Pandemic causes schools to write, rewrite opening plans
On July 30, the Cuyahoga County Board of Health (CCBH) made their recommendations on school reopening. Schools should operate remotely (virtual classes) and suspend all sports and extracurricular activities. CCBH’s health jurisdiction does not include the city of Cleveland.
In the ensuing weeks, most county school districts (24 out of 26) – including Westlake and Bay Village – announced that they will start the fall semester remotely. Two exceptions: Brecksville-Broadview Heights City School District plans on a hybrid model (2 days in-person alternating with 3 days online learning); Independence Local Schools offer parents and students the options of in-person or all-remote learning.
After receiving hundreds of emails and phone calls from the school community, Cuyahoga County’s health commissioner, Terry Allan, issued a letter on Aug. 5 to further explain their recommendation.
Allan said that Cuyahoga County had experienced a sharp increase in new COVID-19 cases between mid-June and mid-July. The week his letter was written, Cuyahoga County had the highest hospitalization number in the state. Meanwhile, hospitalization and intensive care bed use continues to rise. In the 2019-2020 season, Cuyahoga County had less than 50 flu-related deaths; since March, COVID-19 has taken 523 lives (figure updated as of Aug. 14).
To re-open schools safely, Allan listed some (not all) parameters and concerns:
1. Positivity Rates – A sustained decline in COVID-19 testing positivity rates below 5%.
2. New Case Reports – A sustained decline in new cases over a one-month period.
3. State Public Health Advisory System – A risk rating of Orange/2 or below over multiple weeks, which must clearly indicate sustained improvement in the metrics.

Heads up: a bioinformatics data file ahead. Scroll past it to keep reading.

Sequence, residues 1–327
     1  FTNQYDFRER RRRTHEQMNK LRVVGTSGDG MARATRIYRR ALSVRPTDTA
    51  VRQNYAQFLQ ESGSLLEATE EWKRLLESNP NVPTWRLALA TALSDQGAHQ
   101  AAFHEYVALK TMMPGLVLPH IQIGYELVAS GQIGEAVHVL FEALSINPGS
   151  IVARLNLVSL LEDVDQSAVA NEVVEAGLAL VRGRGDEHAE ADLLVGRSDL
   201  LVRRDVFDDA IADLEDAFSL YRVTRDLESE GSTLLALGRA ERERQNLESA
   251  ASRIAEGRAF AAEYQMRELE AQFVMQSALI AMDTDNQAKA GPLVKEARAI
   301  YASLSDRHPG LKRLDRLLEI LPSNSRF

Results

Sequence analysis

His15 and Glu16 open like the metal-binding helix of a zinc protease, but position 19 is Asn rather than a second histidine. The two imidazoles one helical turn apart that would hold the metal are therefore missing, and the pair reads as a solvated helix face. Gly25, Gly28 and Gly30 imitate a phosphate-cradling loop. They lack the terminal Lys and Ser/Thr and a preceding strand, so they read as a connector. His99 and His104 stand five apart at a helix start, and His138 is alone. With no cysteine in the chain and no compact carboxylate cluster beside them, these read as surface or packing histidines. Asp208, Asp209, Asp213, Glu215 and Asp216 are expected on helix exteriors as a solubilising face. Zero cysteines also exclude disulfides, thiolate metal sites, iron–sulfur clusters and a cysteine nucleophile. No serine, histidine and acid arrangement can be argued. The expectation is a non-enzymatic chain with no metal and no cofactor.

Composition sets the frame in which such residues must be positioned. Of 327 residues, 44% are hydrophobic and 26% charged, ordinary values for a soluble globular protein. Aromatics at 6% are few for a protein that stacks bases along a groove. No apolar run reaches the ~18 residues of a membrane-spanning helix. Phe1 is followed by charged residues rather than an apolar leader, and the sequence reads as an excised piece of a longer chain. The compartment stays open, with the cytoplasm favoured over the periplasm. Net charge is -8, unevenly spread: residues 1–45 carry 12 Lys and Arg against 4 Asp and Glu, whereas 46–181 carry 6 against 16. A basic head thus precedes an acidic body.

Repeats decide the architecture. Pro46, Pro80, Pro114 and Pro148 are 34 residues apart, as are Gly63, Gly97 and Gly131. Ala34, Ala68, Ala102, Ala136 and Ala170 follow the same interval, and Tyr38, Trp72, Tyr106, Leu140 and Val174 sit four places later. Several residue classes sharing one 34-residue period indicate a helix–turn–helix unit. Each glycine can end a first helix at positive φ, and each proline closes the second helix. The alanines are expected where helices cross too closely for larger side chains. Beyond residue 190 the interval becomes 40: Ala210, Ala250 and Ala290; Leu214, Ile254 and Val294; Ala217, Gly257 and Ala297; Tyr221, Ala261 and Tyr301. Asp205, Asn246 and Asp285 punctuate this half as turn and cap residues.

4. COVID-19 testing capacity for children – [The concern is] there is currently little to no testing available for those under the age of 18.
As of Aug. 13, Cuyahoga County is still in Red/3 zone – indicating very high exposure and spread. But moving from red to orange does not necessarily mean CCBH will lift their recommendation as risk rating is only one of the many factors they consider.
In his “Back to School Reopening Plan 2020,” Westlake superintendent, Dr. Scott Goggin, said Westlake grades PK-12 will start all-remote learning on Sept. 8. But the school is prepared for all three models of learning – virtual, hybrid, or in-person daily – and can transition from one model to another when appropriate.
Consideration will be given to those in special education, gifted services, English learners, and Title 1.
Contrary to CCBH recommendation, sports will continue in some form. Mr. Tony Cipollone, Westlake athletic director, said non-contact sports like golf and tennis have begun as scheduled. Other sports such as football, soccer, cross-country and volleyball have begun strength and conditioning training; but competitions are delayed. Contact sports like football and soccer will follow a modified Ohio High School Athletic Association Phase One precaution.
The COVID-19 situation is highly fluid; there are still weeks before school reopening. But the national trend is moving toward remote learning. A recent survey by Burbio, which monitors over 35,000 public school calendars, projected 52% of K-12 students will start the fall all-remotely, 19% in some hybrid model, 25% in-person daily, and 4% undecided.